20 Amazing Facts about Giant Sequoia Trees

sequoia tree

 In the 1830s, the first white adventurers struggled across the mountains of California. They were not prepared for what they found.


 California has already welcomed them with astonishing prairies, deserts, and vast canyons.


 They discovered strange plants and animals unknown to science and ordinary folk. Back east, in the westernmost range, they encountered one more surprise:


 They encountered an ancient race of giants like trees. The mysterious giants mentioned in the Bible seemed far larger in reality. 


These trees were and are the largest trees on earth. The Giant Sequoias. 


The legendary writer conservationist, John Muir, a founder of the Sierra Club dubbed these massive trees gods of the woods.


Below are 20 facts about the giant Sequoia trees:

 


1. Sequoia Trees are Mostly Found in California

welcome to California

The Sequoia tree originates from coastal California and southwestern Oregon. They are also known as the coast redwood or the California redwood.


2. They have a Long Lifespan


 The Sequoia is a redwood evergreen tree that can live up to 2200 years. 

 

3. They Have Unique Agents of Pollination


Sequoia trees have both the stamens and the pastels in separate flowers on the same plant; ie both male and female parts 

 

4. Giant Sequoia Trees Can Reach a Height of Over 295 Feet

giant sequoia tree

It is common for a Sequoia tree to reach a height of over 295 feet. 


According to the Landmark Trees Archive, the tallest recorded Sequoia tree to date is the Hyperion. It stood at 375 feet 3.5 7 inches tall in the Redwood National Park, Northern California.


 The Landmark Trees Archive states that 41 measured living Sequoia trees are taller than 360 feet. 


The largest volume of coast redwood can also be found in Northern California.


 It has been dubbed the lost monarch in the grove of titans. It has an estimated mass of 42,500 cubic feet. 


America's Pacific coast is home to the Sequoias.


 It is a unique habitat in that it experiences heavy seasonal rainfall. 


It also experiences a cool coastal air in a large amount of fog. The result is a damp forest environment lacking in nutrients. 


This necessitates the tree's reliance on the organic community of the entire forest.

 It is also vital to recycle dead trees. The redwood forests encourage the habitation of many birds, reptiles, and mammals.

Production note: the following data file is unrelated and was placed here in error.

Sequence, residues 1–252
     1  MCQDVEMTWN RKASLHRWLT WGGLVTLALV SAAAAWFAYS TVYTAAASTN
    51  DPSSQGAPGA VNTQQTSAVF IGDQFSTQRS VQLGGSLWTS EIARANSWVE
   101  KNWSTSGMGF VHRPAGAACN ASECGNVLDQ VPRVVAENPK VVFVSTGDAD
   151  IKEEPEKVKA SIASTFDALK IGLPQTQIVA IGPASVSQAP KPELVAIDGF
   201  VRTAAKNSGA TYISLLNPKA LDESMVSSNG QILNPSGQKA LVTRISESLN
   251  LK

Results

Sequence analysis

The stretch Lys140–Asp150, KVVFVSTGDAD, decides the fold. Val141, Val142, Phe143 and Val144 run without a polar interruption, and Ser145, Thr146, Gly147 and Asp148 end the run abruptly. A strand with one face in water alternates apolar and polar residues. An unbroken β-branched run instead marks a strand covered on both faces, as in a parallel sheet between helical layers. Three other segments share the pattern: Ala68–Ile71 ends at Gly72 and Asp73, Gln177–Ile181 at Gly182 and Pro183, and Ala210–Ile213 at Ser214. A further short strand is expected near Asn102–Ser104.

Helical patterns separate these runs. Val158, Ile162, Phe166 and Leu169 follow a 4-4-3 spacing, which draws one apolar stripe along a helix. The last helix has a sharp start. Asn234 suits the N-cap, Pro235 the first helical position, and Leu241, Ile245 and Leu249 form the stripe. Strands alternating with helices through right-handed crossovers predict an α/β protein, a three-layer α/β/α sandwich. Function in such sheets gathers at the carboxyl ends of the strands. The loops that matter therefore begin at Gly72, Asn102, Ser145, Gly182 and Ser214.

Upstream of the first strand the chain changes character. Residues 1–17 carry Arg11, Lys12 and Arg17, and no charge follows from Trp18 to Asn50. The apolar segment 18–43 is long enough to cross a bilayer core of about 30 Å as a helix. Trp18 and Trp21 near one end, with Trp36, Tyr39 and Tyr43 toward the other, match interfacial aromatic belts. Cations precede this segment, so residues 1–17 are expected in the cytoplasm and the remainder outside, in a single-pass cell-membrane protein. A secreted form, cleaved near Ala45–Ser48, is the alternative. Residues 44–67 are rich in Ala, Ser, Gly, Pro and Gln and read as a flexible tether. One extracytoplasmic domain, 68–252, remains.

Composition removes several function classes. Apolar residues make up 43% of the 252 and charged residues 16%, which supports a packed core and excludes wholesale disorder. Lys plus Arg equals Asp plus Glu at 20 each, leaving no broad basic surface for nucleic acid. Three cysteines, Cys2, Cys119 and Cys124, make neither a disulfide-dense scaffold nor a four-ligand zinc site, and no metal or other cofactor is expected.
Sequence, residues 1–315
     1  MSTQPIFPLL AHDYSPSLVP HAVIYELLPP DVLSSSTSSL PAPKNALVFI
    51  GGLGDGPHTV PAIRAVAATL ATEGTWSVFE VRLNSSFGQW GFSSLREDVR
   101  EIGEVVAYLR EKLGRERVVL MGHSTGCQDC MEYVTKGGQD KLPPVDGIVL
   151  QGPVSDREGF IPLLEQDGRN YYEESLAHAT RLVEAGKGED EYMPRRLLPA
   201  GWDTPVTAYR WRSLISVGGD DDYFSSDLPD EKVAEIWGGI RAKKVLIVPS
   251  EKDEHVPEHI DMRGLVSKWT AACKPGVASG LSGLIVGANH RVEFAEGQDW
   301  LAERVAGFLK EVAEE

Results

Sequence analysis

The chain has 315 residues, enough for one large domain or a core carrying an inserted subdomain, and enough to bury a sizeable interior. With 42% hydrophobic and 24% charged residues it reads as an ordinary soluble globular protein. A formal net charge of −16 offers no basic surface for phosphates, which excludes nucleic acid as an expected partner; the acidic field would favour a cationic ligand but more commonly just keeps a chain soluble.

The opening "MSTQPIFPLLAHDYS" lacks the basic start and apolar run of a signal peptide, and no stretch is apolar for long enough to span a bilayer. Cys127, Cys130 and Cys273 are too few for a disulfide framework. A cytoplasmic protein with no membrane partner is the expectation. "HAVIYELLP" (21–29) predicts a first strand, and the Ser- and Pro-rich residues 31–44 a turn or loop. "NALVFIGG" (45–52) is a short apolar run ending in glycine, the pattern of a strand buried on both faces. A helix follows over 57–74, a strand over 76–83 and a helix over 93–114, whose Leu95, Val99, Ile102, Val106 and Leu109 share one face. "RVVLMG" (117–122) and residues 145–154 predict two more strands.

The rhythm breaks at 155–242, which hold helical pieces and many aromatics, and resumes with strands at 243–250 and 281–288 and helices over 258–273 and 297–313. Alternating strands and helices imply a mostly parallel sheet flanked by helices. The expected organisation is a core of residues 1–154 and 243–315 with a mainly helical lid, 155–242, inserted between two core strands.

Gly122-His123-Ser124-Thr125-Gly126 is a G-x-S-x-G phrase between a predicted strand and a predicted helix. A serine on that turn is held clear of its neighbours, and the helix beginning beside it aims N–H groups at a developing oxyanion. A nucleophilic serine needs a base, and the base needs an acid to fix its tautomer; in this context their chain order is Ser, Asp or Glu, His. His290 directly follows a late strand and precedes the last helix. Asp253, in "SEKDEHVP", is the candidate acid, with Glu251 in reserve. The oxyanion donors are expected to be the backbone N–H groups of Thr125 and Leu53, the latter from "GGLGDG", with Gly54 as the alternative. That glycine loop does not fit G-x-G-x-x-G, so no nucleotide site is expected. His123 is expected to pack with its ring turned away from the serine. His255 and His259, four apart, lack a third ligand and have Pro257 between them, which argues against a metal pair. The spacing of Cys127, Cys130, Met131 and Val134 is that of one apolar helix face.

5. They Have Thick Barks

The Sequoia tree has an extremely thick bark. Their bark is possibly the thickest of any known tree on earth.


The Sequoia's bark is sometimes more than two feet at the base of the tree. It prevents flames of fast-burning fires from reaching the interior of the tree.

 

6.Sequoias Release a Vast Number of Seeds


Sequoia trees release an estimated number of 300,000 to 400,000 seeds per year.

 

7. They Have Tiny Seeds

Sequoia seeds are extremely tiny and are dispersed when squirrels and other nut eating animals crack their shells. They are quarter-inch seeds embedded in cones. Most grove soils are granitic. They are formed partly of decomposed granite rock.


 Sequoia seeds require mineral soils for rooting and overall growth. Despite their daunting sizes, sequoias struggle. 


They wrap their base around a cedar, making their trunk more stable.

 

8. They Have Tiny Cones

Just like how its seeds are tiny, the cones that harbor them are not big too. A cone is estimated to be about 7 centimeters long and some are much smaller.


9.Sequoia Cones Start Green

These green cones appear at the top of the Sequoia tree at the age of twelve years. They remain closed until the age of twenty years.

This is when the Sequoia is deemed to be mature.


10. They are Sexual and Asexual

There are two methods of Sequoia reproduction; sexual and asexual. At around 10 years of age, the trees start producing seeds that are dispersed by the wind. 


These seedlings grow extremely fast reaching a height of 65 feet in 20 years. Asexual reproduction is when the tree layers sprouts from the root crown stump or a fallen branch. 


These sprouts come from dormant buds located just under the Bark's top layer. Sprouts can reach a height of seven and a half feet in one season of growth.